Temperanceville

In my last post, I blogged about the Pittsburgh area’s oldest tavern building.  This week, I continue with the history of the neighborhood where the Old Stone Tavern stands.  The history of Old Temperanceville is both fascinating, and very, very typical of Pittsburgh communities.    

19th century map of Temperanceville

Early Temperanceville History

The present-day West End of Pittsburgh was part of St. Clair Township in the 18th century.  In 1800, the northern and western sections of St. Clair broke off into Chartiers and Union Townships.  Much of the land in Chartiers was owned by a gentleman named West Elliott (yes, the Pittsburgh neighborhood of Elliott is named for his family).  Mr. Elliott was a gambler and he sold the land encompassing present-day West End in 1835 to pay off gambling debts.  The new owners, Isaac Warden and John Alexander, laid out the town of Temperanceville in 1837.  The deeds to the lots that they sold included a clause stipulating that no liquor may be sold on the parcel, or the lot would revert back to Warden and Alexander.  Nevertheless, by the mid-1800s, several saloons flourished in Temperanceville.

The little town grew quickly.  Businesses sprouted up to support the nearby coal mines, blast furnaces and iron mills.  By the 1870s, Main, Wabash and Steuben Streets were paved roads, and Temperenceville businesses included the Sheffield Iron Works, Haller & Beck Salt Works, Duff’s Sawmill, Wood’s Rolling Mill, Hall’s Plow factory, Wightman Glass, and Taylor Salt & Chemical.  A coke oven operated at the corner of Main & Woodville Streets.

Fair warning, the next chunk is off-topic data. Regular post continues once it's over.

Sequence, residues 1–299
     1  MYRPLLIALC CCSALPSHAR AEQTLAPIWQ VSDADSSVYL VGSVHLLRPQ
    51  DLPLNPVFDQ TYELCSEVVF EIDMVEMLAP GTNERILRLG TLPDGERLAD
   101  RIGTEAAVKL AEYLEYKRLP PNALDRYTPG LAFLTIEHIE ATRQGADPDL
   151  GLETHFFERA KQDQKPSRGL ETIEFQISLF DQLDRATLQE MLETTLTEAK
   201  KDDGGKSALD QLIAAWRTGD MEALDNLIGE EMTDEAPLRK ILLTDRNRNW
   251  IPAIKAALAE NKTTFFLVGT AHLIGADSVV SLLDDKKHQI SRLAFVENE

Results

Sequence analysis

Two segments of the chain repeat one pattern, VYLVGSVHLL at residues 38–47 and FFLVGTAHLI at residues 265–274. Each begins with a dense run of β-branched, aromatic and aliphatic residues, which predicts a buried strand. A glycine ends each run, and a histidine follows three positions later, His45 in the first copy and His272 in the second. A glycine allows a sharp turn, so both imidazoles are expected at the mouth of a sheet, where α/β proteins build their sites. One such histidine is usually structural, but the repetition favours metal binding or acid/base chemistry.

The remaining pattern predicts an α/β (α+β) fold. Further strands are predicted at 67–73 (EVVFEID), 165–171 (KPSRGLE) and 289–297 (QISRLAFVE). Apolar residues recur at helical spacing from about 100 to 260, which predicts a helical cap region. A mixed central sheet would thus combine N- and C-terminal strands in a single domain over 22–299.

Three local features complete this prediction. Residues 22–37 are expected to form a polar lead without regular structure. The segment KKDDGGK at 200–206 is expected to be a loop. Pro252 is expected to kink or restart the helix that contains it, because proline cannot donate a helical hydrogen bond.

The Slums of Temperanceville

This is not a photo of the slum area of Temperanceville, but it is a good depiction of what a 19th century slum looked like.

Life in a boom town isn’t always pleasant.  The town flooded frequently, most catastrophically in 1874. Most of the streets were still dirt, and turned to rivers of mud after a rain or snow.  Cows and chickens roamed the streets and free-ranging pigs rooted in the garbage.  Sensible people knew to avoid the shantytown along River Road (present-day West Carson Street) at night.  One woman who often had to go back and forth between West End and downtown Pittsburgh described it this way: “It required considerable courage to make a trip in comfort and safety to Saw Mill Run after nightfall…the only illumination after leaving the Smithfield Bridge came from the glare of the blast and puddling furnaces…the absence of gas lights and police in this district made it a refuge for toughs, who were dangerous to meet at all times, but particularly so after they had received a pay and were full of drink…Needless to say, if a passerby happened to get killed, it was an easy matter to throw his body into the river.”

Late 19th-century housing